Written by Mac Barnett, Illustrated by Patrick McDonnell
Roaring Brook Press, 2015
When I left my house there was a skunk on my doorstep.
The plot in a nutshell: A man is stalked by a skunk.
The man steps outside carefully, so he doesn’t frighten the skunk, then he heads down the street. The skunk follows. When the man goes faster, so does the skunk. When he takes crazy turns, so does the skunk. He tries confronting him, but the skunk doesn’t react. He offers the skunk some food and his pocket watch, but the skunk isn’t interested. He jumps into a taxi, but the skunk takes the next available one and continues to follow. The man goes to the opera and thinks he’s gotten away, but there’s the skunk, sitting on the head of the lady in the next seat. He goes through a cemetery, a carnival and finally crawls into the sewer. He comes up in a different part of town, buys a new house and starts a new life there. He throws a party to celebrate his success, but can’t stop thinking and wondering about the skunk. He goes in search of him and when he finds him, he starts following him to make sure the skunk doesn’t follow him again.
Bookshelf favorite Mac Barnett raises more questions than he answers with this delightfully puzzling picture book. And I should clarify that I mean that as a compliment. I ended up reading through this one several times and enjoying it more each time, especially when I came to the conclusion that Mr. Barnett trusts me to come up with my own interpretations of the characters and their actions. We never learn why the skunk is following the man and somehow, that is absolutely perfect. I would love to share this book with kids and hear their thoughts on it. You can find a lot of existential metaphors in this book and kids are often smarter than we are at taking the undefined and making sense of it.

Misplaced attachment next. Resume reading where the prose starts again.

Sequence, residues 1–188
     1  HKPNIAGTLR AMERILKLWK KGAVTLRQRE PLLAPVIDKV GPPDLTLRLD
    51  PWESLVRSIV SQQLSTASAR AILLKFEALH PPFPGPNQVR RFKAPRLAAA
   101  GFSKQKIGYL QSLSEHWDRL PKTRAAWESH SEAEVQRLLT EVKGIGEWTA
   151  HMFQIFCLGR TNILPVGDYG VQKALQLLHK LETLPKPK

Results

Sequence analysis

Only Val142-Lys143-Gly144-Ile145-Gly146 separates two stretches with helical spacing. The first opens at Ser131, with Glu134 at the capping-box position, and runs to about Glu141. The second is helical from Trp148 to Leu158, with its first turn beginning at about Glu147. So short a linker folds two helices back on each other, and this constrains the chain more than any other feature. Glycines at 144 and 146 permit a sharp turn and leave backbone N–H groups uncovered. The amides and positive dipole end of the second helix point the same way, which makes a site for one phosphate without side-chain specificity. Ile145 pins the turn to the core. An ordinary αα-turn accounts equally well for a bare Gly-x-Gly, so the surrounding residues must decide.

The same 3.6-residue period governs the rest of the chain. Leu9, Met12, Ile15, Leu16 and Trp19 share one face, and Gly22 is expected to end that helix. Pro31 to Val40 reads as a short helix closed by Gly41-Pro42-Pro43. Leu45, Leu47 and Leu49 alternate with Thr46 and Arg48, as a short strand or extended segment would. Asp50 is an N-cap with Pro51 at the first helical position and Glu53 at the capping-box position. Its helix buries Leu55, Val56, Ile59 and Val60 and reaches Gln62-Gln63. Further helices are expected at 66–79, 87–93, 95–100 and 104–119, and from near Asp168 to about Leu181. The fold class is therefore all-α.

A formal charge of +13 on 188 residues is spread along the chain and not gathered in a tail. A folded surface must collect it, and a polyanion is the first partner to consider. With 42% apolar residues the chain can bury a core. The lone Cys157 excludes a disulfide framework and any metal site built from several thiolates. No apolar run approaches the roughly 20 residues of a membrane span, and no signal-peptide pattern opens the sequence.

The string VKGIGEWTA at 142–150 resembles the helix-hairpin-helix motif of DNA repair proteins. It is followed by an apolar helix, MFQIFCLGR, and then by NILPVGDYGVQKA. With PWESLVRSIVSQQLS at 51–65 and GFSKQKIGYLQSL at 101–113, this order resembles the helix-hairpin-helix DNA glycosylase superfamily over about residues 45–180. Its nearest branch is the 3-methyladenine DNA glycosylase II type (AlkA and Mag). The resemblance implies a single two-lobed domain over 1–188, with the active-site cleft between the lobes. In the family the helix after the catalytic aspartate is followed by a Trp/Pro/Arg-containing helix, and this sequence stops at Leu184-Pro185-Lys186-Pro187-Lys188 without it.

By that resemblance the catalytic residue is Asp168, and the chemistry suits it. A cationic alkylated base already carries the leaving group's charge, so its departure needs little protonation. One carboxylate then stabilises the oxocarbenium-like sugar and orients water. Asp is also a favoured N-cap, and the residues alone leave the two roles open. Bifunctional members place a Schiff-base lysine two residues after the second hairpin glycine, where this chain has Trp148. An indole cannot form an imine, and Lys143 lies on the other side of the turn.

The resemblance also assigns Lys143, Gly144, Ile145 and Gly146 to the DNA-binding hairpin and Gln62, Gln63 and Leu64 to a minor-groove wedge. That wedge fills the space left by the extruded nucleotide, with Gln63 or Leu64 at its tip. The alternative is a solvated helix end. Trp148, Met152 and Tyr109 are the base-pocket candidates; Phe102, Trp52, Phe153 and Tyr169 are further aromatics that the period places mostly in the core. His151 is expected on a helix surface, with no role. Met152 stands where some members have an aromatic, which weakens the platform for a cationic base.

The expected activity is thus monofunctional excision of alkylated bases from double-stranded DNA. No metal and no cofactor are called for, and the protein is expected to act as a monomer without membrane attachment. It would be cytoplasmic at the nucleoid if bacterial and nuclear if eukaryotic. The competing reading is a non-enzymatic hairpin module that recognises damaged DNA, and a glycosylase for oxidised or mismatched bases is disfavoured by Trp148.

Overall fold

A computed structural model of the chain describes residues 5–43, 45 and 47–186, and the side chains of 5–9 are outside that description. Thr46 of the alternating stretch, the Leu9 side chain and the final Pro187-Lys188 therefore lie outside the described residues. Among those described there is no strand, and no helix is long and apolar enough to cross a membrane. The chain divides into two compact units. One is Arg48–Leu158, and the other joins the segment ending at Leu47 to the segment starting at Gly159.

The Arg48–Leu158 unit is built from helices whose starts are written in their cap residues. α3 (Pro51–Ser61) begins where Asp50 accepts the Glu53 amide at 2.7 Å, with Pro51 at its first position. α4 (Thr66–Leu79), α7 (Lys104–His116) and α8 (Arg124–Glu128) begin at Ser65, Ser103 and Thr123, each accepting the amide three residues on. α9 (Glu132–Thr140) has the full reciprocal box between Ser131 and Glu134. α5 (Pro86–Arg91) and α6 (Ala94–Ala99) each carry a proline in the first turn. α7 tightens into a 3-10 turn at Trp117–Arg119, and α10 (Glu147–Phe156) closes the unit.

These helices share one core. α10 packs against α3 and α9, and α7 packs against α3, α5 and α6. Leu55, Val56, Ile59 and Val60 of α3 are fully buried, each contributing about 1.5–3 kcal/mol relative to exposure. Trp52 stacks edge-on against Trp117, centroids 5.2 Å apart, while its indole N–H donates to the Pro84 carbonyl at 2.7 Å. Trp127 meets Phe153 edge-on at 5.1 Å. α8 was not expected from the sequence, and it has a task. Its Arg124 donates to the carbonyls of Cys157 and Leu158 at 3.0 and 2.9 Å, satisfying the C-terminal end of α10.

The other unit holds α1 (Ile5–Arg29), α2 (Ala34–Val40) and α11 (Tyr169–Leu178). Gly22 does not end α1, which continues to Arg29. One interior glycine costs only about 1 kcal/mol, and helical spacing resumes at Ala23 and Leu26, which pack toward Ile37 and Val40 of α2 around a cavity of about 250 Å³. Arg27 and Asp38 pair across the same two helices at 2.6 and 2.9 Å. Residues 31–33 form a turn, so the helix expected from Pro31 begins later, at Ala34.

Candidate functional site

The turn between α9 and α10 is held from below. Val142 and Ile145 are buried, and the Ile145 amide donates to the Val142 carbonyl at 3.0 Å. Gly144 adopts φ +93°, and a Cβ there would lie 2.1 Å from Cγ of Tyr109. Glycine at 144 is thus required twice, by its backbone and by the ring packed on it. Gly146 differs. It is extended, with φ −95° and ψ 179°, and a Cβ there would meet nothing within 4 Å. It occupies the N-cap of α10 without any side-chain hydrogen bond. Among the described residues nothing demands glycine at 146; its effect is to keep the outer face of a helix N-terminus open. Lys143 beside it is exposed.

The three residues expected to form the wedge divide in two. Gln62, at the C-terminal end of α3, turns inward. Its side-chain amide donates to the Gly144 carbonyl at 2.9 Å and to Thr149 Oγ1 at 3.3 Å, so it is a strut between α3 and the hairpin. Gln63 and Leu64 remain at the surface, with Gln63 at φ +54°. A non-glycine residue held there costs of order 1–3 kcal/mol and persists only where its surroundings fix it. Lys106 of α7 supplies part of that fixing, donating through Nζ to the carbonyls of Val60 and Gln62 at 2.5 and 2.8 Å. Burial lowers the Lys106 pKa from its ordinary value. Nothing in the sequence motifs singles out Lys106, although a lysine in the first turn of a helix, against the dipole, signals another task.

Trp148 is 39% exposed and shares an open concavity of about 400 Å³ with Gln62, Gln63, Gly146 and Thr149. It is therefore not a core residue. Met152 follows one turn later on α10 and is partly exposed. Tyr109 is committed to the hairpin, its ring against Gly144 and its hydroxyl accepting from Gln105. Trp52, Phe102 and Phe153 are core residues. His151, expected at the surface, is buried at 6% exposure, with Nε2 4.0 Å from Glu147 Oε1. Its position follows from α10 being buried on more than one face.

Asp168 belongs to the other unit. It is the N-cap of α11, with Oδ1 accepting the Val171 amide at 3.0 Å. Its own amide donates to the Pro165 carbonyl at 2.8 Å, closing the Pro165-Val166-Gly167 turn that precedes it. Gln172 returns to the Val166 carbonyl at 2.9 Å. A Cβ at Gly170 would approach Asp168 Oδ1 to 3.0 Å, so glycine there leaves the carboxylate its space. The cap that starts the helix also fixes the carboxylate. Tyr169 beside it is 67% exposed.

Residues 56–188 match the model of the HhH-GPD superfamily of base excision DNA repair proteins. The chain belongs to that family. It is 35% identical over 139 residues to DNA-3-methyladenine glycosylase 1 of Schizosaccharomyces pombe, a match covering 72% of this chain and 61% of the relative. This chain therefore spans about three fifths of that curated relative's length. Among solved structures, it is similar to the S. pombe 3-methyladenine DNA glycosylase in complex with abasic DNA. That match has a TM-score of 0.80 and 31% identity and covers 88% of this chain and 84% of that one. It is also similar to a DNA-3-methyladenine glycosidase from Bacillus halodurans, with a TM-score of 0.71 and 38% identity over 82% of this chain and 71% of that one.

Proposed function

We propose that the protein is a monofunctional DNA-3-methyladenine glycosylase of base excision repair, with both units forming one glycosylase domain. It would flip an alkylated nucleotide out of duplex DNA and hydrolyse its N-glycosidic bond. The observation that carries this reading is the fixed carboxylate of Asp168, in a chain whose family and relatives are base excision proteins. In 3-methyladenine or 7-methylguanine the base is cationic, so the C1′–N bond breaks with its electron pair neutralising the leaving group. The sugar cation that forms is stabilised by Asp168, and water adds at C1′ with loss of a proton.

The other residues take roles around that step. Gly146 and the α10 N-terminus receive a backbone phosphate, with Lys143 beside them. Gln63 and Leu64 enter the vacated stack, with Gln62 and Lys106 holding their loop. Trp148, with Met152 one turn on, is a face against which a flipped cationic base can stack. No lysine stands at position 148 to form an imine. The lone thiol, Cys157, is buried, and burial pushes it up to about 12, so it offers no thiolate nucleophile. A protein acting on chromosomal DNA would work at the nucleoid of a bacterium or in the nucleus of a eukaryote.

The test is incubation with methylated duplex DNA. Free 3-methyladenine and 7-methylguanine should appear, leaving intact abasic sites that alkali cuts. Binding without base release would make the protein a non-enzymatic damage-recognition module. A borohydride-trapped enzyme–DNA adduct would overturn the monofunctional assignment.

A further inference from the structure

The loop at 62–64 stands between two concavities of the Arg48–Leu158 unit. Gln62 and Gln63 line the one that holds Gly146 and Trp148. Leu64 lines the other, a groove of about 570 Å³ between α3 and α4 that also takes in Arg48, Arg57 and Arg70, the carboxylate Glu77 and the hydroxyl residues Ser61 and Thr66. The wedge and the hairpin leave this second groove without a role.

Kicking things up a notch further, the illustrations are from Patrick McDonnell, another personal favorite. His inimitable style is note perfect here. During the time that the skunk is following our main character, the illustrations are limited to black, white and red, with a few orange accents. When he comes out of the sewer and is living skunk-free, his life bursts into full color, but we return to the limited palette at the end. The man’s red bow tie makes his appearance seem to mirror that of the skunk’s (with his red nose) – are they two halves of a whole somehow? Is the skunk actually real? Why do all the man’s friends in his new life kind of look like clowns? When the man starts stalking the skunk at the end, the skunk looks suspicious, as though he doesn’t recognize the man, which made me wonder (go with me here) if it’s a totally different skunk that he’s now following incorrectly, and if so (go with me further) could the original skunk have been following him incorrectly? All in all, a very provocative book that will probably stay with me for a long while.
And what did we learn? What I take away from this book is that sometimes you don’t realize how accustomed you’ve become to something, even something you find unpleasant, until it’s gone.